Water storage is vital in many predicaments. A year ago a serious flash flood hit my sister’s little community. Homes were flooded, the highway disappeared, and a nearby dam was threatening to break. It was scary.
My sister’s water could have been shut off at any minute. Knowing that she and her family had water storage was really comforting to her. More about her experience here.
The human body cannot go long without water. It’s devastating to think how many people struggle to get by without water when major incidents occur.
For example, just last month the EPA had a disastrous mine explosion which spilled over 3 million gallons of toxins into the Animas and San Juan rivers. These rivers are needed by many people including thousands of American and Native American families, many farmers, and businesses. The rivers were filled with toxic amounts of lead, copper, arsenic, and a lot of scary things.
For the families that did not have running water, purchasing water became more difficult to do. Many who had running water were fearful their supply would be turned off or run dry as well. These people’s homes lost a ton of water pressure as clean water was being taken and distributed to those who could no longer get water elsewhere.
Although the Animas and San Juan rivers are running clear again, the toxins have rested on the river beds or have run into Lake Powell (which is the source of drinking water to many states). It was and still is an enormous disaster!
In the space of two years my sister and her community and some Native communities were both effected by incidents which led to a threat of or real loss of drinking water.
You don’t have to be a ‘dooms-dayer’, or even serious ‘prepper’ to realize that having additional water on hand isn’t a bad idea. I highly recommend everyone have drinking water stored.
I put two 55 gallon drums into my storage room (downstairs laundry room that we do not use). It was such an easy process and not too expensive either!
Here’s how to store water:
1- First and most important is to store the water barrels properly. There is some controversy on this, but if you are storing your water on cement flooring make sure to put the water drums/barrels on wood 2×4’s, a pallet, really thick carpet, or something substantial to separate it from cement (this prevents leeching). Even though the experts say leeching only occurs on cement that gets hot, we decided to raise it (and our food) up anyway. Also, try to store the drums out of direct sunlight and in a spot that has somewhat consistent temperatures. Keep away from stored gasoline, kerosene, pesticides, or similar substances.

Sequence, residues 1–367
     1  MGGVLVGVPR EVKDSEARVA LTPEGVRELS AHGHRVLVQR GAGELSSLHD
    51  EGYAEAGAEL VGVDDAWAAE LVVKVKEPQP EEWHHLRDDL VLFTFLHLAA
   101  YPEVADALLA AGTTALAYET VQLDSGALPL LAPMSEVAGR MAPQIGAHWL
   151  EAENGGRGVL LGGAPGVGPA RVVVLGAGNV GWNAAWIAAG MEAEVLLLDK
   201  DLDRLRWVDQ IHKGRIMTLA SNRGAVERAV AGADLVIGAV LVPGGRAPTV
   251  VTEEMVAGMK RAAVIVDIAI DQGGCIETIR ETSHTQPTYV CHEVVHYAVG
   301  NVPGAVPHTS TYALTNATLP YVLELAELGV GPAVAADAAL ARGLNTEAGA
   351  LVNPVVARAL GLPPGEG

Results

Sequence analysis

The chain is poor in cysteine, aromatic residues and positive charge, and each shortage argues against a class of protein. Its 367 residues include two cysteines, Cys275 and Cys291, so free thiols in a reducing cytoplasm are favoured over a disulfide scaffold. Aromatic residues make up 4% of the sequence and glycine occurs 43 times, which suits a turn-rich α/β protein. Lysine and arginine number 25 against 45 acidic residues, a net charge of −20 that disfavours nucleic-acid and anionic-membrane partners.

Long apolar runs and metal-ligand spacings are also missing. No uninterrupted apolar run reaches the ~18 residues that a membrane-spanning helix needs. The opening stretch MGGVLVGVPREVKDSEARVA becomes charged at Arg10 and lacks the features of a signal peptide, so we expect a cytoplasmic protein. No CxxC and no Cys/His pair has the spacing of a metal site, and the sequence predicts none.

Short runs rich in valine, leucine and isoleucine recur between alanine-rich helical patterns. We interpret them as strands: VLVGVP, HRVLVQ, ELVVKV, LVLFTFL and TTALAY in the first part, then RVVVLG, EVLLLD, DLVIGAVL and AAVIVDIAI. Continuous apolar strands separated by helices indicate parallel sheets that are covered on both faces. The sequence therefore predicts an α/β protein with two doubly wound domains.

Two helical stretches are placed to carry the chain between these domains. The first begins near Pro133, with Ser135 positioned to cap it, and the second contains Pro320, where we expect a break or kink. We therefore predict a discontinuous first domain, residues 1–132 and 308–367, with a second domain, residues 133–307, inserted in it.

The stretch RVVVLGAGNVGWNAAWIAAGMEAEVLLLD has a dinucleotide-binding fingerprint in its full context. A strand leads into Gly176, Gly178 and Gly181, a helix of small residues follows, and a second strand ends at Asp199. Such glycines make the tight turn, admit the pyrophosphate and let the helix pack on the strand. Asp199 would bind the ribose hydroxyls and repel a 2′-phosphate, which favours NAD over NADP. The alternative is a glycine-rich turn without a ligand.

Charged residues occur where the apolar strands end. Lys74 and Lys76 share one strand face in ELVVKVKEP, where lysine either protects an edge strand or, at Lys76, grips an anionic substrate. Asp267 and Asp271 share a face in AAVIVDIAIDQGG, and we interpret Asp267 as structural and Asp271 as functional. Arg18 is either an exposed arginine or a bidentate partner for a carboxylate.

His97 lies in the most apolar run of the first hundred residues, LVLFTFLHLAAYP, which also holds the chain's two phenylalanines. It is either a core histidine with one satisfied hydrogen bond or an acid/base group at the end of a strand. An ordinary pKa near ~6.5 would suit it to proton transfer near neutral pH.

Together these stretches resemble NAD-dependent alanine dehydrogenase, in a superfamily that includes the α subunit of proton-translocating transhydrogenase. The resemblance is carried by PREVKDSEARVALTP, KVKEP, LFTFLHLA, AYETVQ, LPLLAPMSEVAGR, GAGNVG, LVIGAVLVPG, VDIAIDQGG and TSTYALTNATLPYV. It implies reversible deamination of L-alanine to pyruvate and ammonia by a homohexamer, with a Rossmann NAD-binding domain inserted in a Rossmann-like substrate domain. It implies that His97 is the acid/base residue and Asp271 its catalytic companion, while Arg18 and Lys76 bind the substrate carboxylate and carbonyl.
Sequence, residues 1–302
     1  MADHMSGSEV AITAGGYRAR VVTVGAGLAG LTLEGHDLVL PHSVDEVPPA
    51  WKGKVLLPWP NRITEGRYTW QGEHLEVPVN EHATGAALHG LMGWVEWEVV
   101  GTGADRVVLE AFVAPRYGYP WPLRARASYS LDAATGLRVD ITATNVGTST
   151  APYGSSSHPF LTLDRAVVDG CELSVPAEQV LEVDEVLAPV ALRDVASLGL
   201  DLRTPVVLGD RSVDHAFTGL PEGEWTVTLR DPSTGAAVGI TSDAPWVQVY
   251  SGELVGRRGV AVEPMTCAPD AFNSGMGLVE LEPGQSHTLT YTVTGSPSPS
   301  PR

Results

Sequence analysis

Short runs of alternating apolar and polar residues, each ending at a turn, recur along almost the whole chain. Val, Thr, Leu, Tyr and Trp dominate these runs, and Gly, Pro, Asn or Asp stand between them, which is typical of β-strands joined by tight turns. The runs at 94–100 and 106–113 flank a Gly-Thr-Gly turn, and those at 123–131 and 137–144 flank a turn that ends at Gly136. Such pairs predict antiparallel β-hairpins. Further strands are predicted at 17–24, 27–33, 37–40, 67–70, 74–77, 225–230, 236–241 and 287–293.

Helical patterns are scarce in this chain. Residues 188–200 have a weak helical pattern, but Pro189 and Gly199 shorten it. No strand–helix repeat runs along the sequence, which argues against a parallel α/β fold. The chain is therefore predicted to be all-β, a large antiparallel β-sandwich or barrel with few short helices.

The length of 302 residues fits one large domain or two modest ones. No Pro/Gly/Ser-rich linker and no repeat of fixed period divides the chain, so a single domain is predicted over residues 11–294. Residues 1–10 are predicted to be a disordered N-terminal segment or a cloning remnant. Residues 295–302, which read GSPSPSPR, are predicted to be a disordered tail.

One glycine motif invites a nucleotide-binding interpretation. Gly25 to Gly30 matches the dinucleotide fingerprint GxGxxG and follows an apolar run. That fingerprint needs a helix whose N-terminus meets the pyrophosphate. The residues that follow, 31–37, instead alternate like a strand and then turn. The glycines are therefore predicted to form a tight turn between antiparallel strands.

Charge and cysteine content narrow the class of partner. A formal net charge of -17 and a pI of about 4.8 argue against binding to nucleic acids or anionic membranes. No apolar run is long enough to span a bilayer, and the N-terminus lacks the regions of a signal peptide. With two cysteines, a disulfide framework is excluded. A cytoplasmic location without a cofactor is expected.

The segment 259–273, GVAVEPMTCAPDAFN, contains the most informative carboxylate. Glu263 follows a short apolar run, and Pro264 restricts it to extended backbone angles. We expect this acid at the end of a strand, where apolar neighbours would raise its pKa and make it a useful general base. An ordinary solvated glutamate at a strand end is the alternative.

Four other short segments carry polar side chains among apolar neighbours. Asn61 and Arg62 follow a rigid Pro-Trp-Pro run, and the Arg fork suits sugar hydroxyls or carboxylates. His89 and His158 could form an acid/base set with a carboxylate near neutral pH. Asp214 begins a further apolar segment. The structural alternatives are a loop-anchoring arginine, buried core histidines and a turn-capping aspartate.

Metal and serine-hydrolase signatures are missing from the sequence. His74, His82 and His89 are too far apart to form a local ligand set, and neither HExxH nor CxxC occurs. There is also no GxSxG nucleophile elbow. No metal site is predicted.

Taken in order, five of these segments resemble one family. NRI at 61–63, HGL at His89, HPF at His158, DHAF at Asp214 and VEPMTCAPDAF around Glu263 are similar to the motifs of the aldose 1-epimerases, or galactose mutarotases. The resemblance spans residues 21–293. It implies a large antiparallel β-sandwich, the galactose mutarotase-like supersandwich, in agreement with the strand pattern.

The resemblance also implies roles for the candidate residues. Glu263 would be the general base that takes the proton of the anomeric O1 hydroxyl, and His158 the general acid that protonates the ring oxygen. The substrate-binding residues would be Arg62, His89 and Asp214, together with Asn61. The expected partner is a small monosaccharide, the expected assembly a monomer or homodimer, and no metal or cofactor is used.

2- Another important tip is to buy a drinking water hose. Regular garden hoses can contaminate the water. Use a drinking water hose!
3- Buy clean new barrels. We were trying to be thrifty so a few years ago we bought barrels that had had lemonade in them. We couldn’t get them very clean so we ended up not being able to use them. I’d recommend just buying them new. You can find 55 gallon drums on emergency preparedness sites like this one, or on Amazon here. Or you can buy them from grocery stores—and often for cheaper. We also looked on the classifieds. Everyone who was selling them new lived quite a ways away. So we got them at Macey’s grocery store for $39.00 each.
4- Rinse them out with just water. Do NOT use soap.
5- Connect hose to clean water, open both tops and begin to fill. If you don’t have a water connection in the same room that you want to store your water, getting a 25′ drinking water hose or two would enable you to bring the water in from an inside or outside tap (by running the hose through a door or a window).
6- Check on the water every ten or so minutes. Once the water is getting close to the top monitor it constantly. Turn it off an inch or so before it gets to the top. Close both tops on the drum tightly.
7- Write the date you filled it on the top or side of the drum with a permanent marker.
That’s it! There’s no need to add bleach or anything else as long as the water barrels were clean and filled with drinking water, there is no need to boil or treat it when you need it.
As you can see, afterwards, we put our rotating food storage shelf back into our storage room and are even using the barrels as shelves themselves.
As long as you follow these seven steps correctly (especially on how to store the water), your water storage should last a VERY long time, many sources say it can be stored indefinitely. We plan to rotate ours (if we don’t use it) with our dry food storage which will expire in 28 years.
Tip- Water that sits for long lengths of time becomes slightly stale and not very good tasting. If/when you use it, if you pour the water back and forth into different containers (adding oxygen to it) it will become more palatable.
Final Tip- If you do not have room for 55 gal barrels, start off storing a few 5 gallon water drums.
Having some water is much better than none.